We all need to support local businesses at all times but now more than ever. Many of our businesses remain open and others will reopen once the current measures in place to protect us all are lifted.— offalycoco (@offalycoco) August 12, 2020
Make sure to wear a mask when shopping and shop local #ShopLocal #Offaly pic.twitter.com/bP3gwL68Ob
Health officials in a number of EU countries have warned of major rises in new coronavirus cases.
France's prime minister says the country may be going "the wrong way" after almost 1,400 new infections yesterday.
In Germany, there's been a further 1,200 cases recorded with people there encouraged to be "very alert".
Darren McCaffrey from Euronews says they're not the only countries struggling with recent spikes:
The government's new medium term plan to deal with Covid-19 will aim to get Ireland into a 'status blue' period where the virus is suppressed.
The Irish Times reports the plan, agreed at a Cabinet sub-committee yesterday, will see colour-coded statuses given to areas depending on its levels of coronavirus.
However a blue status will only come into effect when vaccinations or treatments are available.
Meanwhile NPHET will discuss the recent spike in the midlands, and the clusters in meat factories at a meeting later.
It's also likely it'll discuss the government's plans to ban non-essential travel from countries with high rates of the virus.
Infectious diseases consultant Eoghan de Barra supports the proposed 'red list'.
The Higher Education Education believes there's enough time for Leaving Cert appeals before students are due to start college.
It's after thousands of students in Scotland were marked down by a moderation system, which was suddenly rolled back yesterday.
Round one of the CAO here begins on the afternoon of September 11th, four days after Leaving Cert results are due.
Minister Simon Harris says he's confident there's a strong appeals process in place, and there will be time to go through it:
An IT error caused some patients to receive incorrect details about their Covid-19 tests last week.
One woman got a text message on Saturday to say the result of her test, taken on Friday, was negative - but her test actually took place on Thurday.
She contacted the HSE and was told to continue to self-isolate until the mistake was sorted - meaning she couldn't return to work immediately.
The HSE says there was a short-term issue with the automated texting of negative results for two days last week.
Sinn Féin TD Louise O'Reilly, from the Dáil's Covid-19 committee, says it's a big concern:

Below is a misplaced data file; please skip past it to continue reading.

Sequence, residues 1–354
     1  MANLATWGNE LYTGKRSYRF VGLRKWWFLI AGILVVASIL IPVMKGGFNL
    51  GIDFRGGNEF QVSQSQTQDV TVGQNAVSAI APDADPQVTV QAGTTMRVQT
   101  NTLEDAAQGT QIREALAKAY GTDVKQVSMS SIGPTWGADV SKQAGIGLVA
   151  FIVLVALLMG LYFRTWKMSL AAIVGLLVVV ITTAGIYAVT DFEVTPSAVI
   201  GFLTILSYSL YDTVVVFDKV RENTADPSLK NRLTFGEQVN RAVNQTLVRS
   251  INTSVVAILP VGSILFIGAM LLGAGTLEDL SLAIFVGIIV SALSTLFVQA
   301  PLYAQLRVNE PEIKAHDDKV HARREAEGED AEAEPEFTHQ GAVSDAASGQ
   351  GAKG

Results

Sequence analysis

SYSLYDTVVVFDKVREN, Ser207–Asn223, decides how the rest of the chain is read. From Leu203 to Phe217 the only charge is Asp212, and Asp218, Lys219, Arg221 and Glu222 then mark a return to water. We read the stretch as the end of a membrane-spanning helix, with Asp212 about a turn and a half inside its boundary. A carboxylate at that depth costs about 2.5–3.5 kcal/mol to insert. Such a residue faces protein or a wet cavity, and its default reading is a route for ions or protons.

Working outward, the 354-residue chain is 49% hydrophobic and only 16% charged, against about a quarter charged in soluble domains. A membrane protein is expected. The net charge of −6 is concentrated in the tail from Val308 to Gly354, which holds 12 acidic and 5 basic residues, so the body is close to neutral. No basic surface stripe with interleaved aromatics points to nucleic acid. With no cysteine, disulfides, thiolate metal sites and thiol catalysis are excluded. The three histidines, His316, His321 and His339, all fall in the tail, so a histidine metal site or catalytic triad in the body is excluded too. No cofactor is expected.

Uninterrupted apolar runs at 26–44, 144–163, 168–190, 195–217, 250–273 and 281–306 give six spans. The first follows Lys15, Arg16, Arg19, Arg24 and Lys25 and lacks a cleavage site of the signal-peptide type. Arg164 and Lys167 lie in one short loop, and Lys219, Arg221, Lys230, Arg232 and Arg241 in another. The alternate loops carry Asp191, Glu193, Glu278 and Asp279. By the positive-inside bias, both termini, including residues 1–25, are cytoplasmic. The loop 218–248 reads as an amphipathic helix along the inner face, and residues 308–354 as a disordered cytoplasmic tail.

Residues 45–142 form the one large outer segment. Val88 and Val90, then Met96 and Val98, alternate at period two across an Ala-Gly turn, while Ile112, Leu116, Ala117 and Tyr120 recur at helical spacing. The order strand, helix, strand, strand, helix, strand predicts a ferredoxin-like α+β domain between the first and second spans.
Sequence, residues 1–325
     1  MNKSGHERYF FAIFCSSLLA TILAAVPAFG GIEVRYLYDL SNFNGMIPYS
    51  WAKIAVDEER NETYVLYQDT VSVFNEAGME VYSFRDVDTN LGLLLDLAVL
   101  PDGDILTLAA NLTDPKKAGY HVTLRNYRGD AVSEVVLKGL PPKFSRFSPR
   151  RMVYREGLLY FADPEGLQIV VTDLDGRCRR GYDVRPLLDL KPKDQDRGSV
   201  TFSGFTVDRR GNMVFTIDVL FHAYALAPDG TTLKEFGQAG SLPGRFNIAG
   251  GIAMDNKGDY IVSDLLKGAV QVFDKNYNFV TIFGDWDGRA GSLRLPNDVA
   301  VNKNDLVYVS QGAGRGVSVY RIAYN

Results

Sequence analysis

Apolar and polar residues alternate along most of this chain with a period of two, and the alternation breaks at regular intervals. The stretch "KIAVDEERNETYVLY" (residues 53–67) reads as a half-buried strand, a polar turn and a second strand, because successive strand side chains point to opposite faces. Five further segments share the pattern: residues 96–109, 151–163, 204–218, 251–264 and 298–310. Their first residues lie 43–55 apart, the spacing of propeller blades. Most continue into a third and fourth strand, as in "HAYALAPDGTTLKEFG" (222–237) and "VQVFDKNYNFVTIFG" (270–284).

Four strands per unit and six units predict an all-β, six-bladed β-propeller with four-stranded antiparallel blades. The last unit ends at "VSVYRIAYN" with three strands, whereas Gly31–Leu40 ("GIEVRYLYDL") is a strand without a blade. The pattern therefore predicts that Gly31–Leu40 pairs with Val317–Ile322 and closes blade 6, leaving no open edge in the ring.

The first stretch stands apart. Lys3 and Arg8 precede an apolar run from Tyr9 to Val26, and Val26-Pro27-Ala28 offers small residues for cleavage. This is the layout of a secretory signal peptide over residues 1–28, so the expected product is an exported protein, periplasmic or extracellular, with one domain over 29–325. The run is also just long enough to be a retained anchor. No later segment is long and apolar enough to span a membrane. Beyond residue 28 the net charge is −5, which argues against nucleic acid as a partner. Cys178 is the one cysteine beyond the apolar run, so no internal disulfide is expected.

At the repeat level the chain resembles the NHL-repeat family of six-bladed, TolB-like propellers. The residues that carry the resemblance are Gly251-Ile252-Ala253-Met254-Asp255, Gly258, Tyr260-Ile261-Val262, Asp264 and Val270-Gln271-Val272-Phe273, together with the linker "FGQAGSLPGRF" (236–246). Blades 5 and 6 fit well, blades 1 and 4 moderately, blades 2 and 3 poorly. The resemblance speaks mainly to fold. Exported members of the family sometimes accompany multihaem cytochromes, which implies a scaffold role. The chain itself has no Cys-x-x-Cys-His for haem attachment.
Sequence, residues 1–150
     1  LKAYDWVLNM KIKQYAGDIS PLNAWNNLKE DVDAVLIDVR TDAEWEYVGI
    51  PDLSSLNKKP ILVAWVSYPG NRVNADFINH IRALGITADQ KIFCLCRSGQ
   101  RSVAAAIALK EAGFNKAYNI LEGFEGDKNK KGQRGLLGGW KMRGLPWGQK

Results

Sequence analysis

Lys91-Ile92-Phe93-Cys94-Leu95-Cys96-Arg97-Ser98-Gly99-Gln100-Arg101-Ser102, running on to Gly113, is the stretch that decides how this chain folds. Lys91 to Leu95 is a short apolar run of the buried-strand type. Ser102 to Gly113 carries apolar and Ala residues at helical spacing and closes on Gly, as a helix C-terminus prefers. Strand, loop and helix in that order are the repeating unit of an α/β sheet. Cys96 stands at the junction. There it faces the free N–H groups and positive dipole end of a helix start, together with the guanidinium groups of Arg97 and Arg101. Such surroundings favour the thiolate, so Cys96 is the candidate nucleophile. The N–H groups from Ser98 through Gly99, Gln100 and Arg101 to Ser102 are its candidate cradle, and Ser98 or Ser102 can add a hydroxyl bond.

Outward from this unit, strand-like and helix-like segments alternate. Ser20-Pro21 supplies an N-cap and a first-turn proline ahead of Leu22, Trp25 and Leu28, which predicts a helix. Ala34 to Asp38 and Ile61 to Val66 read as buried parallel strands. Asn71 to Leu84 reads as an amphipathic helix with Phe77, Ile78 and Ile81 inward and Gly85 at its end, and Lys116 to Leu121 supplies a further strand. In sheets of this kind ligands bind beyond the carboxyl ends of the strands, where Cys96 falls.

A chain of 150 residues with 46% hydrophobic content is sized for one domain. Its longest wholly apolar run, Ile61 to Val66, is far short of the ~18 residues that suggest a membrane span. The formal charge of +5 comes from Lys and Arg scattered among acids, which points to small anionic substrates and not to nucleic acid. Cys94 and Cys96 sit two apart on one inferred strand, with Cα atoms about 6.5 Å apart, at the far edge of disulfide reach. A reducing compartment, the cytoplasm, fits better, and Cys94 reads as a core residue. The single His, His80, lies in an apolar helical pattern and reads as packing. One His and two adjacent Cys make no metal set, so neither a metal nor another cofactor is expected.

Siptu held an emergency meeting with management at Naas General Hospital last night after an outbreak of Covid-19 at the facility.
A ward in the hospital has closed to new admissions, and staff and patients are being tested.
It's reported a member of the hospital's cleaning staff tested positive for the virus in recent days.
Immunology professor Paul Moynagh, from Maynooth University, says it's a particular concern given restrictions are in place in Kildare:
New Zealand has put its largest city back into lockdown after recording four new Covid-19 cases.
It ends a 102-day streak in the country without a local infection.
A three-day lockdown's been swiftly imposed in Auckland.
There have been 35 more cases of Covid-19 confirmed in the Republic.
While the National Public Health Emergency Team has reported one further death.
Seven in ten cases that were reported today are in people under the age of 45.
While 24 of them are linked to known outbreaks, or are close contacts of another confirmed case.
Just five cases have been identified as community transmission, as health authorities can't pinpoint where those people became infected.
Kildare, Laois and Offaly all have new cases, those three counties are under local lockdown until August 20th.
Figures from the Department of Health measured at midnight on Sunday 9 August show there are 341 cases in Laois, Offaly has 583 confirmed cases and 682 people in Westmeath have tested positive.
Dr. Ronan Glynn has braced the public to expect varying numbers of cases in the coming days.That's due to the large number of people diagnosed with the virus there.
He says the effectiveness of the lockdown in those three counties can't be properly measured until next week at the earliest.